Gives the meaning of a word. Try issuing "define aglet"


Deletes the selected chunk of HTML from the page.


If not yet submitted, submits the page to Digg. Otherwise, it takes you to the story's Digg page. by Sandro Della Giustina - licensed as MPL,GPL View more information at


Searches EBay for auctions matching the given words.


Puts the web page into a mode where you can edit the contents. In edit mode, you can edit the page like any document: Select text, delete it, add to it, copy and paste it. Issue 'bold', 'italic', or 'underline' commands to add formatting. Issue the 'save' command to save your changes so they persist even when you reload the page. Issue 'stop-editing-page' when you're done to go back to the normal page viewing mode.


Begins composing an email to a person from your contact list. Currently only works with Google Mail, so you'll need a GMail account to use it. Try selecting part of a web page (including links, images, etc) and then issuing "email this". You can also specify the recipient of the email using the word "to" and the name of someone from your contact list. For example, try issuing "email hello to jono" (assuming you have a friend named "jono").


Replaces html entities (<, >, and &) with their escape sequences.


Searches Flickr for pictures matching your words.


Looks up the email address of a person from your contacts list given their name.


Searches Google for your words.


Takes you to the Ubiquity main help page.


Highlights your current selection, like this.


Searches the Internet Movie Database for your words.


If you're in a rich-text-edit area, makes the selected text italic.


Displays your most recent incoming email. Requires a Google Mail account.


Turns a selected phrase into a link to the matching Wikipedia article. Can only be used in a rich text-editing field.


Turns an address or location name into a Google Map. Try issuing "map kalamazoo". You can click on the map in the preview pane to get a larger, interactive map that you can zoom and pan around. You can then click the "insert map in page" (if you're in an editable text area) to insert the map. So you can, for example, type an address in an email, select it, issue "map", click on the preview, and then insert the map.


Maps multiple selected addresses or links onto a single Google Map. (Experimental!)


Searches MSN for the given words.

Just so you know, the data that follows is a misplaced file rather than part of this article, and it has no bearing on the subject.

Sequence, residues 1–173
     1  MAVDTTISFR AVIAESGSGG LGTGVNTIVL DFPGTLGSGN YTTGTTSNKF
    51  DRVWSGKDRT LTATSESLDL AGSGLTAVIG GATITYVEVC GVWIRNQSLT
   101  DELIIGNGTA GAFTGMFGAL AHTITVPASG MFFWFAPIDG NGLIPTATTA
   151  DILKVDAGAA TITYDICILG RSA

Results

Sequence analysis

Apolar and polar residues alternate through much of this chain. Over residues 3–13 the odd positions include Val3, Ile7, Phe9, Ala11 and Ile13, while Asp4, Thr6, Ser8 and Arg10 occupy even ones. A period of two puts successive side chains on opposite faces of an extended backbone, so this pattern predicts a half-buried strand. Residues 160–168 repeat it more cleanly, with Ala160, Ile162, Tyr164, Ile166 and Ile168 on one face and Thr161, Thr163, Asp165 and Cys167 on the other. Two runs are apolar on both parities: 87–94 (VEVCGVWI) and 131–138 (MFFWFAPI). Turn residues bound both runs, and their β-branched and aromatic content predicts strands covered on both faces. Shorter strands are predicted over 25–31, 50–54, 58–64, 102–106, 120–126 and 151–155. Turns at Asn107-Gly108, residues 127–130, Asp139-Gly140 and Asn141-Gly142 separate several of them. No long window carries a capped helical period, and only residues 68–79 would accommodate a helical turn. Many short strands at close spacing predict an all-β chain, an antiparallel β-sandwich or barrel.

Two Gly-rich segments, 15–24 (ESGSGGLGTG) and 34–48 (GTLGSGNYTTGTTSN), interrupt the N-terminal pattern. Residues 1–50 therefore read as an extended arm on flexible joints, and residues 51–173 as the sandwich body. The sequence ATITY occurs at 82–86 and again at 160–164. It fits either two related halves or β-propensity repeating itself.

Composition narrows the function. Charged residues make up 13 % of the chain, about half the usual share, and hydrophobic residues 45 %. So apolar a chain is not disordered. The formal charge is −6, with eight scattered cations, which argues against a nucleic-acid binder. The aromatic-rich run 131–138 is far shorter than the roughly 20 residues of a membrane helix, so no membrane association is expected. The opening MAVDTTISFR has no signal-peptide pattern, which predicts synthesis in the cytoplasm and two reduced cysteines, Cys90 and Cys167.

Redoes your latest style/formatting or page-editing changes.


Resets any annotation changes you've made to this page.


Saves edits you've made to this page in an annotation.


If you used the 'edit page' command to put the page into editable mode, use this command to end that mode and go back to normal page viewing.


Treats your selection as program source code, guesses its language, and colors it based on syntax.


Switches to the tab that matches the given name.


Adds a tag to describe the current page by Dietrich Ayala - licensed as MPL/GPL/LGPL View more information at


Replaces the selected URL with a TinyUrl


Translates from one language to another. You can specify the language to translate to, and the language to translate from. For example, try issuing "translate mother from english to chinese". If you leave out the the languages, Ubiquity will try to guess what you want. It works on selected text in any web page, but there's a limit to how much it can translate at once (a couple of paragraphs.)


Sets your Twitter status to a message of at most 160 characters. You'll need a Twitter account, obviously. If you're not already logged in you'll be asked to log in.


Restores the HTML deleted by the delete command.


If you're in a rich-text-edit area, underlines the selected text.


Undoes your latest style/formatting or page-editing changes.


Shows you the source-code of the web page you're looking at.


Checks the weather for a given location. Try issuing "weather chicago". It works with zip-codes, too.


Searches Wikipedia for your words. by Blair McBride - licensed as MPL. View more information at


Displays the number of words in a selection.


Searches Yahoo for pages matching your words.